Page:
Lawyers at the D.C. Attorney General’s Office had a plan in place since 2005 that allowed attorneys to take one day off a week in exchange for working additional hours on other days. Mondays and Fridays were popular days off.
But D.C. Attorney General Peter Nickles apparently is not a fan of the flexible work schedule and has effectively terminated the alternative work schedules program, according to the American Federation of Government Employees, Local 1403, the union that represents District lawyers.
Nickles, who told the union that the policy change is supposed to cut costs and to foster “regular and speedy access” to attorneys, did not return calls seeking comment to explain his decision to amend the program. Now, lawyers for the District can only take time off between Tuesdays and Thursdays, and no more than 20 percent of the workforce—about 1 in 5 lawyers—can be off at any one time.
The lawyers union’ president, Steven Anderson, fired off a letter to Nickles on Wednesday saying the union is looking at its options to challenge the order. Anderson says Nickles’ unilateral move violated the collective bargaining agreement between the union and the city.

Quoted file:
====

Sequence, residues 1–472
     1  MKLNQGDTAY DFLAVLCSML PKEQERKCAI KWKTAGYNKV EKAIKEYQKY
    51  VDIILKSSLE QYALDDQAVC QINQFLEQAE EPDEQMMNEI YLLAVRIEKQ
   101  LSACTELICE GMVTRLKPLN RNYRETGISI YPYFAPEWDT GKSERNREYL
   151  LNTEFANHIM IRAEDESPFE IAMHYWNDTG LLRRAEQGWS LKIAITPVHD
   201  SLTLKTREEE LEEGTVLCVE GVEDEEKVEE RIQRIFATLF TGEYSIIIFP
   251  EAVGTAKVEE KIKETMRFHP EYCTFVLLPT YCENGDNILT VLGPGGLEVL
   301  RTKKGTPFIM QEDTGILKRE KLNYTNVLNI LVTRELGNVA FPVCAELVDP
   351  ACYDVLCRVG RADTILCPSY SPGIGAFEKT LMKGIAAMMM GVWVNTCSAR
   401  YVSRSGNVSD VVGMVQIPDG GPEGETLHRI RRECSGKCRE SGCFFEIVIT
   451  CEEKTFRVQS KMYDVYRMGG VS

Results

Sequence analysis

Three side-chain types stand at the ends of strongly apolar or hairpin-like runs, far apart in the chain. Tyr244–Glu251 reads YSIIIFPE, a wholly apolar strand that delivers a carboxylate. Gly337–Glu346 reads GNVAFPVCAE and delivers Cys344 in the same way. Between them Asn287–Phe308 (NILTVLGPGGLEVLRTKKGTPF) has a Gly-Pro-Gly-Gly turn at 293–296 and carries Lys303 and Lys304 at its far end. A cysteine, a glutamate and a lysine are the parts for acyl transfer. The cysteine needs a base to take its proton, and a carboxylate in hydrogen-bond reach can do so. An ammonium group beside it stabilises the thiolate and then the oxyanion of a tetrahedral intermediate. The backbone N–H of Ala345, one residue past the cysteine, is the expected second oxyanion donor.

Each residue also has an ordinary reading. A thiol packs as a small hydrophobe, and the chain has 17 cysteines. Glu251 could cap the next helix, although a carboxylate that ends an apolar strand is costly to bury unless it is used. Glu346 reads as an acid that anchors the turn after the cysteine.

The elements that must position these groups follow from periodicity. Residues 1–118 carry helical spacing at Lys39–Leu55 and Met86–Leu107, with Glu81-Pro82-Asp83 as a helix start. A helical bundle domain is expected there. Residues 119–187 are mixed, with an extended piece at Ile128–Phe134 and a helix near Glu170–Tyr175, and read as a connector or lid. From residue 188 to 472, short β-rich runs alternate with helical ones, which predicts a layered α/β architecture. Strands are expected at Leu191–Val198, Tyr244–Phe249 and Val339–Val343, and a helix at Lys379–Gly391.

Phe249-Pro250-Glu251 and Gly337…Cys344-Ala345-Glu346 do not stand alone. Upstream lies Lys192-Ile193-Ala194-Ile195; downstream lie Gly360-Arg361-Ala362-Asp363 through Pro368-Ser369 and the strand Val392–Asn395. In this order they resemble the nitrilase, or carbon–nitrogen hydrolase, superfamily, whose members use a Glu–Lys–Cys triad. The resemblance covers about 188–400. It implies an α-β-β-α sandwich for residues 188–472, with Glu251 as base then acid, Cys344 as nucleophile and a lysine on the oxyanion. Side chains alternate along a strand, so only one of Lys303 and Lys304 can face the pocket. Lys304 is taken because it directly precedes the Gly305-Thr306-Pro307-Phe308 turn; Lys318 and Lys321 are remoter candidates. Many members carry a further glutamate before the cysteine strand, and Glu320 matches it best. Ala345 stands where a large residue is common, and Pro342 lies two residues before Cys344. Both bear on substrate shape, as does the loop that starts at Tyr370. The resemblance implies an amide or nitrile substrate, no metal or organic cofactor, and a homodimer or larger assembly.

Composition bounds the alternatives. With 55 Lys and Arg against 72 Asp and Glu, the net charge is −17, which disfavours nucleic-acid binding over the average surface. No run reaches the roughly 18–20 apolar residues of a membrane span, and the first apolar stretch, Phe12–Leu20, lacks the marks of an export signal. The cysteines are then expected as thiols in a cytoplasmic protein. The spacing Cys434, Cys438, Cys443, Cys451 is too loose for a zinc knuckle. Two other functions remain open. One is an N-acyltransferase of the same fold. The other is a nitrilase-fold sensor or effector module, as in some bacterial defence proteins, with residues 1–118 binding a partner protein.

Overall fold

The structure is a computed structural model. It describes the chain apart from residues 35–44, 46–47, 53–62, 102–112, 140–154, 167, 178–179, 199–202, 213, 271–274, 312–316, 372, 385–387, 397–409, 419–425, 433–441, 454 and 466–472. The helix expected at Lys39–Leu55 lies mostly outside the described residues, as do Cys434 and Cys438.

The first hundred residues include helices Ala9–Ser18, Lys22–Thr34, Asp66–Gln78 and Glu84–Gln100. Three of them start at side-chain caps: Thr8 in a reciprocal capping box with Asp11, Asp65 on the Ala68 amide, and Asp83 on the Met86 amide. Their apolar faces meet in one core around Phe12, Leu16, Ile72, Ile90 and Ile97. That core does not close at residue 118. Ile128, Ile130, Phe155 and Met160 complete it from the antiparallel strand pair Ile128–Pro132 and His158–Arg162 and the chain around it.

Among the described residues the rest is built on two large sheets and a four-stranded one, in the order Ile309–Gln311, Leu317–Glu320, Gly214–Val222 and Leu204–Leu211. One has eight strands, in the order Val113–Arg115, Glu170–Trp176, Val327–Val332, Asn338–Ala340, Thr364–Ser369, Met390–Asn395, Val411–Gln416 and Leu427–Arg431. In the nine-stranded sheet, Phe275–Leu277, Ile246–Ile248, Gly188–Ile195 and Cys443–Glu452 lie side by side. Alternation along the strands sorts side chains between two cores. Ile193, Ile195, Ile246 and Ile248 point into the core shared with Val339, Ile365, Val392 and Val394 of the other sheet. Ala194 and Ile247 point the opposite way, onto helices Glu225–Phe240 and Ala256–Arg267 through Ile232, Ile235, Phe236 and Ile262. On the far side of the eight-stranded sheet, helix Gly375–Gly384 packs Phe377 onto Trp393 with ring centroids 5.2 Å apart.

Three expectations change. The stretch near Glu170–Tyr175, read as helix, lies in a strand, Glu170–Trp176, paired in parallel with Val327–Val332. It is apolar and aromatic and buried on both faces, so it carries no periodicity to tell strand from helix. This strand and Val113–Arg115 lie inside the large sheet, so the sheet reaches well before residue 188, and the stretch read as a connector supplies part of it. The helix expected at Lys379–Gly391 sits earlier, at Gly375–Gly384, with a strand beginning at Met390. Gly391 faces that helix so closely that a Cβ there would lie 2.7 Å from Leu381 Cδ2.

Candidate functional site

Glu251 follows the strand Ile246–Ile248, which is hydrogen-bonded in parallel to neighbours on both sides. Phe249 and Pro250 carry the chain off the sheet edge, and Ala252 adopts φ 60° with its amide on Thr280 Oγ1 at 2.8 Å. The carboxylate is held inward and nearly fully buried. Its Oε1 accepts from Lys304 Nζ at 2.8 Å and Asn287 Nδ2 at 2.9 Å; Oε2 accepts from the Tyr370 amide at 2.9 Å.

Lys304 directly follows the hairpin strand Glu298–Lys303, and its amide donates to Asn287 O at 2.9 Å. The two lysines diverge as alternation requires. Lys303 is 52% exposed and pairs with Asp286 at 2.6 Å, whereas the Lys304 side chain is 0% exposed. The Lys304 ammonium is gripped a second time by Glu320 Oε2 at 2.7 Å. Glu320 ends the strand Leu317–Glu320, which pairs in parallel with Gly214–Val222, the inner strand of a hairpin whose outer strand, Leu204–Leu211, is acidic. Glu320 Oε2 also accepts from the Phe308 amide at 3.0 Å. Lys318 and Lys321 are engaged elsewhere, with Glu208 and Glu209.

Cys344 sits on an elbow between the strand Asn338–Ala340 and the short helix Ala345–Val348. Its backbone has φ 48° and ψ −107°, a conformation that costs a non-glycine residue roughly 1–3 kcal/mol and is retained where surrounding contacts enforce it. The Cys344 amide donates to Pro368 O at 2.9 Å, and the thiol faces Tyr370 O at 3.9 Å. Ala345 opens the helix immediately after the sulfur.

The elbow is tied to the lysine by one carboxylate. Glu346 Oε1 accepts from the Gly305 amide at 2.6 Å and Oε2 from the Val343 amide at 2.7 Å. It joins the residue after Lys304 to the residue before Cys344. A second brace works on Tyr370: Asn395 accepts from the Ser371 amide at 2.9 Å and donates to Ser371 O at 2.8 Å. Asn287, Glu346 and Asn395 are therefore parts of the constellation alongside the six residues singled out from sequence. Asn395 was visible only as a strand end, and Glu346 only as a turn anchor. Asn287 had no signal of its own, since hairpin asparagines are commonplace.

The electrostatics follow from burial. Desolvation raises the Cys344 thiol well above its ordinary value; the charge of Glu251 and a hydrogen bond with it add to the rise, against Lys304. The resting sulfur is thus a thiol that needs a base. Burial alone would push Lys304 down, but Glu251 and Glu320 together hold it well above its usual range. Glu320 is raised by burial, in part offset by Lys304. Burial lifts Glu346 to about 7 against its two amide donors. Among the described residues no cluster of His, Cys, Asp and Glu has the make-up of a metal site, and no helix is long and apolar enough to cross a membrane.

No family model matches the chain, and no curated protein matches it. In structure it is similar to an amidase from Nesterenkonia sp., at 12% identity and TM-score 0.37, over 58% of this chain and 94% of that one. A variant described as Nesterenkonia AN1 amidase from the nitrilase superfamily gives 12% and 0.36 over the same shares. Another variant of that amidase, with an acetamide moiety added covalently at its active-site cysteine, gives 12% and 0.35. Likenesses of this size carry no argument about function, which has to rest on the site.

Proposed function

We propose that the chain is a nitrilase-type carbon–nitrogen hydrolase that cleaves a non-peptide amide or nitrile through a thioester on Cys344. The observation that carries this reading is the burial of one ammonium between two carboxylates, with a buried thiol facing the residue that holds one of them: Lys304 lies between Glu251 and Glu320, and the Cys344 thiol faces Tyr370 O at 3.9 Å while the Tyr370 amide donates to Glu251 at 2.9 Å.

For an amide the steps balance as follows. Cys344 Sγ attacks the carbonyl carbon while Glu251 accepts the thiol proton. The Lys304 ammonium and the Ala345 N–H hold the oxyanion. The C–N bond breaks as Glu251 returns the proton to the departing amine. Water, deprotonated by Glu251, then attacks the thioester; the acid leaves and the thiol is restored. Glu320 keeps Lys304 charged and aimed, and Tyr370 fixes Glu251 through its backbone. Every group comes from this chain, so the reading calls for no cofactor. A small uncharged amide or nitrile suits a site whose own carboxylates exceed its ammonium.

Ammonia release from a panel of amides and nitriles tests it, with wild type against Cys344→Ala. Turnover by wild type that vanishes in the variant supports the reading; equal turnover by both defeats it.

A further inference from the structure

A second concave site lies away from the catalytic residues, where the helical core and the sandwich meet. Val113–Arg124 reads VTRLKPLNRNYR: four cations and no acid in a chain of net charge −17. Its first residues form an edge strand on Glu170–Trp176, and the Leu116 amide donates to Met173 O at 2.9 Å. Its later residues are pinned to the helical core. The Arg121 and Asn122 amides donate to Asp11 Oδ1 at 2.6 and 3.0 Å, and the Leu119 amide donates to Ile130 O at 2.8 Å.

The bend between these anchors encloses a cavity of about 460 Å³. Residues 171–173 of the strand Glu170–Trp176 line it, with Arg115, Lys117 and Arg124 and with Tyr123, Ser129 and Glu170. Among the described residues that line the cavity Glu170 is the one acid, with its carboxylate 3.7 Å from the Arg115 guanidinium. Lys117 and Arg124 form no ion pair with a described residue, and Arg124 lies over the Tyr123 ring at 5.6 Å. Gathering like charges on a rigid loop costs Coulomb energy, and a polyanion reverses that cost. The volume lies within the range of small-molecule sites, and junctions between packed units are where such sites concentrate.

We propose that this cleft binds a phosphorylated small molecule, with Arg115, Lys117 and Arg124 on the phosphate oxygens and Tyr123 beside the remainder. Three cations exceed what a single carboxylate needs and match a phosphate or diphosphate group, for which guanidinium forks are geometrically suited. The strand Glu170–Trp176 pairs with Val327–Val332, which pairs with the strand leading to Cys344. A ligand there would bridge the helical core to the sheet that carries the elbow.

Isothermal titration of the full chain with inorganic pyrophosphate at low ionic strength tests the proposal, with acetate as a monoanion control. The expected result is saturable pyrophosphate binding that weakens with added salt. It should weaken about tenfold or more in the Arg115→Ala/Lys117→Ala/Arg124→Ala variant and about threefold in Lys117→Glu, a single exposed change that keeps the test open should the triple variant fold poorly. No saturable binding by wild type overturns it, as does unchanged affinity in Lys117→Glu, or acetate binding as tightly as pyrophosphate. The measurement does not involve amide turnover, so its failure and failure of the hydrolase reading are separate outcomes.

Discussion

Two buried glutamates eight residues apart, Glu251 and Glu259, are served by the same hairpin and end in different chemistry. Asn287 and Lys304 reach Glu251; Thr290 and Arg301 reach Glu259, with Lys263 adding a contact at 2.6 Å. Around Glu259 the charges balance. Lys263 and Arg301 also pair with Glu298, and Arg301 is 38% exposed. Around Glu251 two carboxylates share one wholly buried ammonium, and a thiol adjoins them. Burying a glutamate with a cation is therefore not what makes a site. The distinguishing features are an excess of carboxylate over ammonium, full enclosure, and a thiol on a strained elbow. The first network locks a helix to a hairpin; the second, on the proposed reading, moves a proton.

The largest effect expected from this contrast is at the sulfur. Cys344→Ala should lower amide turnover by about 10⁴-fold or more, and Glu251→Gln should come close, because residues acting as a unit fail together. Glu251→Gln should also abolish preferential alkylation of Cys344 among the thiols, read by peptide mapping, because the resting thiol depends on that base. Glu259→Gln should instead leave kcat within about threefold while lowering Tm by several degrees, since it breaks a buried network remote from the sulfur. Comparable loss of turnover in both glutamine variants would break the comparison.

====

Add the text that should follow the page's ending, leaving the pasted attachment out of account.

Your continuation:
Management was not informed of attorney performance issues, Anderson said in the letter. “In fact, we understand that managers have mentioned to line attorneys that workforce morale and productivity have increased as a result of the existing policy,” Anderson wrote.
The new policy, Anderson said, “essentially converts a viable ongoing alternative work plan for the entire office into a minor perk for senior employees that may be doled out after several years for a six-month term.” Anderson estimates that about 75 percent of the 180 attorneys at the OAG participate in the program. He said the flexible work schedule policy has been a recruitment tool.
Councilmember Phil Mendelson, a Nickles critic, disputes how the change will save the city any money. He is demanding more information from Nickles.
“Regardless of how one works 40 hours—e.g., in four 10-hour days, by telecommuting, or by any other arrangement—the paycheck remains the same,” Mendelson, chair of the Committee on Public Policy & the Judiciary, said in a letter April 21 to Nickles.
Lawyers have built lives around the alternative work schedules, Mendelson said. “I am concerned that removing this program will negatively affect employees’ schedules, injure morale, and encourage some to move to the private sector.”
But the private sector, of course, isn’t faring all that well right now.